Those skilled in this art also will appreciate that some printers have dealt with some fuser temperature related problems by allowing manual selection of a fuser temperature. Such selections are usually based upon the nature of the print media to be employed. For example, user selection of a heavy paper print media may call for the printer's use of a higher fuser temperature mode of operation. This higher temperature provides better print composition adhesion by producing the increased thermal mass transfer needed to sustain adequate fixing of a toner or ink to a heavier grade of paper. In making this selection, a human operator must first recognize that a heavy paper has been selected. That human must then push an appropriate button on the printer's control panel. If use of the heavier paper is not recognized, or its need for an increased fuser temperature not appreciated, or if the wrong control panel button is pushed, the quality of the printing may suffer.
Another example of a need for selection of a different fuser temperature operating mode might involve printing upon transparent print media since such media are usually best employed using relatively lower fuser temperatures. Such lower temperatures are needed in order to prevent melting or other deformation of the transparent print media itself. Here again, the user must realize that the transparent print media selected requires a lower fuser temperature, and then press the correct button on the printer's control panel to get that lower temperature.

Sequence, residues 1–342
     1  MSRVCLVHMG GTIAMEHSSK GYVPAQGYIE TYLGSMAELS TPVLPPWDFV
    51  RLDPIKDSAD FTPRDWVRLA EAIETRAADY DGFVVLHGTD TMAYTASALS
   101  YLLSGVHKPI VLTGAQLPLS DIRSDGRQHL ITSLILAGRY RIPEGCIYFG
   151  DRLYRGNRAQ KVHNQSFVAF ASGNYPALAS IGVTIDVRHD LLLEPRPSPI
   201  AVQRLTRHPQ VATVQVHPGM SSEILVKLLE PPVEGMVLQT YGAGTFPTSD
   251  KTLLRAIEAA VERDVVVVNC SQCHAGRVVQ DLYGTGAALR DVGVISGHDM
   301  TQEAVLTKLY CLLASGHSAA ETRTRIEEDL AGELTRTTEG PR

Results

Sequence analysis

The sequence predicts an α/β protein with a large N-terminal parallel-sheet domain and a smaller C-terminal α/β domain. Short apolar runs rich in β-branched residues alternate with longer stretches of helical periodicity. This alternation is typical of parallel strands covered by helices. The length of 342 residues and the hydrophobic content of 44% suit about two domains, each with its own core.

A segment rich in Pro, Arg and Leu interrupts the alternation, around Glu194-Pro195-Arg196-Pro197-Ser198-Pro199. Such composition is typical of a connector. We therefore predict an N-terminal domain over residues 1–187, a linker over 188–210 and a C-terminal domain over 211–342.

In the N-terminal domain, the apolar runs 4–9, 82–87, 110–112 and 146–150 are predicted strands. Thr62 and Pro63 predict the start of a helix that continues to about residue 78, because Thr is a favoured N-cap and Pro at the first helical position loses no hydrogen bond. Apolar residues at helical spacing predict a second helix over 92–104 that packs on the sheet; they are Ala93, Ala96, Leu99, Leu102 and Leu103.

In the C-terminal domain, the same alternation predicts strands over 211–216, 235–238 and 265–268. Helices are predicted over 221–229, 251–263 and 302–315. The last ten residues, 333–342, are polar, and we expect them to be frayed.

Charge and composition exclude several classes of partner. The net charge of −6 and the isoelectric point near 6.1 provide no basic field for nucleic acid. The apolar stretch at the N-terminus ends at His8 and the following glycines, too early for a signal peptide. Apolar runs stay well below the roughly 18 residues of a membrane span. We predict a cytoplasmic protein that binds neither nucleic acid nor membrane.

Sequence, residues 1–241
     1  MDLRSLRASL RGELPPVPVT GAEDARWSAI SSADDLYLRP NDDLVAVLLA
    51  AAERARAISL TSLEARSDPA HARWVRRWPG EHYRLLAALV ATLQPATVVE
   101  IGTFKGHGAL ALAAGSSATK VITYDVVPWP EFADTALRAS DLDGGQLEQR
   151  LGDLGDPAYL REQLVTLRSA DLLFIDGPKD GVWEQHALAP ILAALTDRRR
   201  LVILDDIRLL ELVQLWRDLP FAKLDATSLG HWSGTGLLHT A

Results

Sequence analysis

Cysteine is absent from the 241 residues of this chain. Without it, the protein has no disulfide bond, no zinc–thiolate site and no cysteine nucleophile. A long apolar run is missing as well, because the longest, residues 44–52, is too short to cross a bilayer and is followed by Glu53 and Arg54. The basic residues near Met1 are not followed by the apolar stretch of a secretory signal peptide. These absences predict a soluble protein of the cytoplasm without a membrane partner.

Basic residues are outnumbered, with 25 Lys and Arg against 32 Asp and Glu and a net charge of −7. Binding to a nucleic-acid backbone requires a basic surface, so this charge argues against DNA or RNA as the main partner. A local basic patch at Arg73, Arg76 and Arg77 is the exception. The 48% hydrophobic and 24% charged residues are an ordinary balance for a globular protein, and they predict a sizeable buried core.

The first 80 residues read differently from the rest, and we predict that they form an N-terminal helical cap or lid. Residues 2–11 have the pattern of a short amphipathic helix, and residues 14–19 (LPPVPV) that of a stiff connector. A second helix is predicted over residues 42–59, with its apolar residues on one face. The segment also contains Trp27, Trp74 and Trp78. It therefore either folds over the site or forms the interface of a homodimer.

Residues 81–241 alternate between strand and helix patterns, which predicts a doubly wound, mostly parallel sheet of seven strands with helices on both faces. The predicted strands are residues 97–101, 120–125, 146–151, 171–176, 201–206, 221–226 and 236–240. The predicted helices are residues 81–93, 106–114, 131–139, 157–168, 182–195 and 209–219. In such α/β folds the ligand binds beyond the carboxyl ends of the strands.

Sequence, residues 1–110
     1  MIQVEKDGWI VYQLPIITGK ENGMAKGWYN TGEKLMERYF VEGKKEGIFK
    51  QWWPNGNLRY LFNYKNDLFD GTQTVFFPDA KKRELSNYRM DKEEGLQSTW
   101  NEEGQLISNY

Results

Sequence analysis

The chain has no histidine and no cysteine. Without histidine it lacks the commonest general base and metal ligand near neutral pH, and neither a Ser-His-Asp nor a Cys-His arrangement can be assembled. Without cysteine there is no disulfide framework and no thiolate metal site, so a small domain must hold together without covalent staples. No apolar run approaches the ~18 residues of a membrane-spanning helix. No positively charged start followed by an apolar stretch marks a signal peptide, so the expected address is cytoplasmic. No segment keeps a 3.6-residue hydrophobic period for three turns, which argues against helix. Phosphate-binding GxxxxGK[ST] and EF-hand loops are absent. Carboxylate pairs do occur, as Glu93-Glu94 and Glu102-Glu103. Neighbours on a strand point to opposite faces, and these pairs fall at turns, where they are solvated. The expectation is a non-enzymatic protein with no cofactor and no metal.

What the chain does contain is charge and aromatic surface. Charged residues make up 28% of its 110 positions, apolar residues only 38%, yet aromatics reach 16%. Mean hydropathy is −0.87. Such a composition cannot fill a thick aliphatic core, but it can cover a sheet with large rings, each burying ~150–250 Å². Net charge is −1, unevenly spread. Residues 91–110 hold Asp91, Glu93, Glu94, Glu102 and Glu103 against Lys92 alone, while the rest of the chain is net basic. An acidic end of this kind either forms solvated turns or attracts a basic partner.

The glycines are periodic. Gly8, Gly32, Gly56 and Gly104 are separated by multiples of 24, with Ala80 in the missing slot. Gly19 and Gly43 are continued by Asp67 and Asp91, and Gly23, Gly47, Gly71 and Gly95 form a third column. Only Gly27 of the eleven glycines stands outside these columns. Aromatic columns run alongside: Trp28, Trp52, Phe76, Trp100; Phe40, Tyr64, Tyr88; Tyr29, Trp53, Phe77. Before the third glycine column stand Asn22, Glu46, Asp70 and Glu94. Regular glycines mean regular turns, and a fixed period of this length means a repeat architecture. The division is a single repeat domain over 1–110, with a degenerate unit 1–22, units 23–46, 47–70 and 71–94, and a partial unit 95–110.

Thus, under current practices, change of a printer's fuser temperature requires user recognition of a potential problem arising from the nature of the print media and a correct manual intervention via a front panel interface. Unfortunately, the need for even these relatively simple temperature changes are not intuitive in nature to most users. Moreover, user education is not always an effective way of dealing with this problem since many users do not read the printer's operating manual, or are otherwise unaware of the print quality problems that can be caused by selection of inappropriate fusing temperatures. Even fewer users are aware that a fuser's temperature may vary during extended printing operations and/or that these temperature variations can effect the quality of an overall printing task. Thus, many users often interpret poor fusing as a product quality issue. This can result in unneeded service calls—or unjustified user dissatisfaction.